Almost every country in the world has eliminated the use of leaded gasoline; the latest estimate is that only 17 countries continue to add lead. Sulfur

Sulfur occurs naturally in crude oil. Its level in refined gasoline depends upon the source of the crude oil used and the extent to which the sulfur is removed during the refining process.

Sulfur in gasoline reduces the efficiency of catalysts designed to limit vehicle emissions and adversely affects heated exhaust-gas oxygen sensors. High sulfur gasoline is a barrier to the introduction of new lean burn technologies using DeNOX catalysts, while low sulfur gasoline will enable new and future conventional vehicle technologies to realize their full benefits. If sulfur levels are lowered, existing vehicles equipped with catalysts will generally have improved emissions.

Laboratory testing of catalysts has demonstrated reductions in efficiency resulting from higher sulfur levels across a full range of air/fuel ratios. The effect is greater in percentage for low-emission vehicles than for traditional vehicles. Studies have also shown that sulfur adversely affects heated exhaust-gas oxygen sensors; slows the lean-to-rich transition, thereby introducing an unintended rich bias into the emission calibration; and may affect the durability of advanced on-board diagnostic (OBD) systems.

The European Programme on Emissions, Fuels and Engine Technologies (EPEFE) study demonstrated the relationship between reduced gasoline sulfur levels and reductions in vehicle emissions. It found that reducing sulfur reduced exhaust emissions of HC, CO and NOX (the effects were generally linear at around 8-10% reductions as fuel sulfur is reduced from 382 ppm to 18 ppm)9. The study results confirmed that fuel sulfur affects catalyst efficiency with the greatest effect being in the warmed up mode. In the case of air toxins, benzene and C3-12 alkanes were in line with overall hydrocarbon reductions, with larger reductions (around 18%) for methane and ethane.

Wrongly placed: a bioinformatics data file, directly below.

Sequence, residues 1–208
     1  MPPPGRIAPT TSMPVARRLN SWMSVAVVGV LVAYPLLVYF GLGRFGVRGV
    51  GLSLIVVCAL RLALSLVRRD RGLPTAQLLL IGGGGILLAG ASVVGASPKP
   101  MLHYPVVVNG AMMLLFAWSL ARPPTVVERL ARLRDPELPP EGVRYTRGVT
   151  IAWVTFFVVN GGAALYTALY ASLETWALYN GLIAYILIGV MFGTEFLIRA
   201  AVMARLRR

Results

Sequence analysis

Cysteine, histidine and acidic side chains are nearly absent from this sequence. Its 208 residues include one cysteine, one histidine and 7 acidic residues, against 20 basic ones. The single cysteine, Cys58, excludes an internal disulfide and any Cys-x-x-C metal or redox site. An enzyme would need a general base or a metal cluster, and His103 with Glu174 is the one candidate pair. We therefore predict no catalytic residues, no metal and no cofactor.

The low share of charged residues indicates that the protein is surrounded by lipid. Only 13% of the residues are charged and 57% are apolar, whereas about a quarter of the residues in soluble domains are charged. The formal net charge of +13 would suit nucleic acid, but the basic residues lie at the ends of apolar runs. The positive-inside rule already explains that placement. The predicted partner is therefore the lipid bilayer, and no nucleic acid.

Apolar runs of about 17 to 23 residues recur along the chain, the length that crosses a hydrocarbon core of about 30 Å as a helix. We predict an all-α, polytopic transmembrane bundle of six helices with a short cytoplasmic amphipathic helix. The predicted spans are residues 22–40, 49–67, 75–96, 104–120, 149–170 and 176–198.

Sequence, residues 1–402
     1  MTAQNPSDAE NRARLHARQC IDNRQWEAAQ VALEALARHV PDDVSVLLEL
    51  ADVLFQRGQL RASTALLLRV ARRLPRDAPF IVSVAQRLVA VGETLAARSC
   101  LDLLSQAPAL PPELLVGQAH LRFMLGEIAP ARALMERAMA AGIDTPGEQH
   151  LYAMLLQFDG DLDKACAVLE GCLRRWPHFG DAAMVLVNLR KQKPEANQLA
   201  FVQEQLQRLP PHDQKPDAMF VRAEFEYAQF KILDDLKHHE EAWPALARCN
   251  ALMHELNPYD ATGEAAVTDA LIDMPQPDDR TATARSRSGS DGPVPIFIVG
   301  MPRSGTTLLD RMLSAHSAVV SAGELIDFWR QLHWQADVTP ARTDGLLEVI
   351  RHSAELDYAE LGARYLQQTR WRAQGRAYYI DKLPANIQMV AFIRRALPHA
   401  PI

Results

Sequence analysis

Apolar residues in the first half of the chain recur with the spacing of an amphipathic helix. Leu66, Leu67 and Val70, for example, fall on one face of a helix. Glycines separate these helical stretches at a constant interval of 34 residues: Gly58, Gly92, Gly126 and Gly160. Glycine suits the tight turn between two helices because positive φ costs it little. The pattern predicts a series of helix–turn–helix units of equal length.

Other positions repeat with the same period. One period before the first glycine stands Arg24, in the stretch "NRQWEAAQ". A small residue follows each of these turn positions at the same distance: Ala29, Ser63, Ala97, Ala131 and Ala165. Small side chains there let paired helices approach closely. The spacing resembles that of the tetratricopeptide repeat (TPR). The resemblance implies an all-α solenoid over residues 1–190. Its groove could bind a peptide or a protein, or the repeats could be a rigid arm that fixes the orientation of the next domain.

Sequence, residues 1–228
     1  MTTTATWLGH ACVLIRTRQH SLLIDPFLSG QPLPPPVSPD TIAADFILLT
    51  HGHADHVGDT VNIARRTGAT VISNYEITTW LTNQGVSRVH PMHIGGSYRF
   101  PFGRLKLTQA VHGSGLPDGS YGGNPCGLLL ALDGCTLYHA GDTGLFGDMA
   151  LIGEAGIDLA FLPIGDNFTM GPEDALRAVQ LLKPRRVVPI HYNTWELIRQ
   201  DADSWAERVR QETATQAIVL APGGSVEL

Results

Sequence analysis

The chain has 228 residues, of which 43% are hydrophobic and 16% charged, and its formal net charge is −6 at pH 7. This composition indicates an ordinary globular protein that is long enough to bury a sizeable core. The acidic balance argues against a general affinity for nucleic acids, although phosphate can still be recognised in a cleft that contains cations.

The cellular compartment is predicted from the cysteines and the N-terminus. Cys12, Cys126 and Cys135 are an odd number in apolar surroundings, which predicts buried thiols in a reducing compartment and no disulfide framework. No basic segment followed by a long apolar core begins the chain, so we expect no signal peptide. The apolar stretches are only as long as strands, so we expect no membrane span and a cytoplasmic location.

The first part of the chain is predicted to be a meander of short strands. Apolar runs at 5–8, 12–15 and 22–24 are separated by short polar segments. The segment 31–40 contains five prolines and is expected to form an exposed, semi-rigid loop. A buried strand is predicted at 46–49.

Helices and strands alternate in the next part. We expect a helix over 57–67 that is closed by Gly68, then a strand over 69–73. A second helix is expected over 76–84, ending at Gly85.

The combustion of sulfur produces sulfur dioxide (SO2), an acidic irritant that also leads to acid rain and the formation of sulfate particulate matter.

Certain other additives which are put into gasoline [generally to increase octane] can also affect vehicle emissions. Metallic-based, ash-forming, octane-enhancing additives such as Methylcyclopentadienyl manganese tricarbonyl (MMT) and ferrocene when added to gasoline will increase manganese-oxide and iron oxide emissions respectively from all categories of vehicles. Because of health concerns, participants in a workshop convened by the Scientific Committees on Neurotoxicology and Psychophysiology and Toxicology of Metals of the International Commission on Occupational Health recently published their conclusion that, "The addition of organic manganese compounds to gasoline should be halted immediately in all nations" [12]. The Health Effects Institute noted, "There is a large body of evidence that [13] under certain circumstances, manganese can accumulate in the brain [14-16], chronic exposure can cause irreversible neurotoxic damage over a lifetime of exposure [17], manganese may cause neurobehavioral effects at relatively low doses [5, 18], and these effects follow inhalation of manganese-containing particles."